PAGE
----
Dangerous Email

Posted on January 7, 2007. Filed under: Blog--All categories, Management development, Technical writing |

I had an experience with email yesterday that reminded me of the dangers of email–especially in a professional setting. The crux of it is that I’d been coordinating an event with several people. The event involved some who were experienced with the requirements of the event and some who were new to the event. To make sure each person was on the same page regarding meeting time, location, transportation, equipment and materials required, etc. I’d sent emails to the group as well as made phone calls to ensure the items were understood and to field any questions the group might have. All was going well.
Then yesterday I received an email from one of the participants, I’ll call her Mary, saying that another of the participants, I’ll call him Jim, had changed his mind about the transportation he was going to use to get from Point A to Point B. No reason was given for the change in plans. As a result of that email, I began to wonder whether this change in plans was indicative of a problem behind the scenes that I wasn’t aware of; if it was to what extent, and did anything need to be done to resolve it.

After pondering an approach for several minutes, an email arrived from Jim. His email explained the situation very differently: the change in transportation plans was not his idea; it was actually a suggestion from one of Mary’s teammates to which Jim agreed.

What’s my point with this story? Is it that I’m a control freak and got twisted because the team didn’t just agree with my plan and move forward? Okay, some people do call me a control freak; but in reality the point is simply this: email does not convey the full story. It is inherently limited in what it can convey because it cannot convey tone of voice; it cannot convey facial expression; it cannot see and respond to the facial expressions of the recipient–facial expressions that might convey a lack of understanding, questioning, disappointment, etc.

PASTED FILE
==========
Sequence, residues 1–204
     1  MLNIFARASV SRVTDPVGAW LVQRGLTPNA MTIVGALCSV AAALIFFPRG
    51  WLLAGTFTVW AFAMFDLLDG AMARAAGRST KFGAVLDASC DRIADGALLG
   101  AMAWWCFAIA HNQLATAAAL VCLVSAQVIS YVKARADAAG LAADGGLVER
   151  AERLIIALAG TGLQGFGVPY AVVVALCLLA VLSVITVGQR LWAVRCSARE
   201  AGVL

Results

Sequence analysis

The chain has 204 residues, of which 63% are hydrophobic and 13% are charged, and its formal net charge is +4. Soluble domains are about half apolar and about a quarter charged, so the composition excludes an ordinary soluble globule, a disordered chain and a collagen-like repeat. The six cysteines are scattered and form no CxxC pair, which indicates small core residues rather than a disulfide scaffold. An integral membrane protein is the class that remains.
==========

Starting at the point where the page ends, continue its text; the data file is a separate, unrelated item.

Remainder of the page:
While the events related here are rather minor, I saw them as emblematic of how relying on email–something nearly everyone does in today’s communication environment–is not only ill advised, it is a dangerously inadequate tool. Yes, it’s convenient; but sheer convenience doesn’t make things healthy. Consider fast foods and prepackaged meals–a diet based on these has a tendency to lead to unhealthy bodies. And that’s my point with a heavy reliance on email–a communication diet based on email leads to unhealthy relationships because of the potential for miscommunication and the undermining of relationship.

You can still use email to get the job done, but add some face-to-face conversations to the mix. Call people on the phone in addition to emailing them. Reduce the dependence on email and increase the use of other vehicles of communicating. This will help build relationships with the people on your team and give them a sense that you know them as individuals rather than just faceless workers. It’s the relationships we have with others in our personal and work environments that creates our ability to get the job done. Without the relationships, they–and we–are just names in an inbox mixed in with all the other names and junk mail we get.

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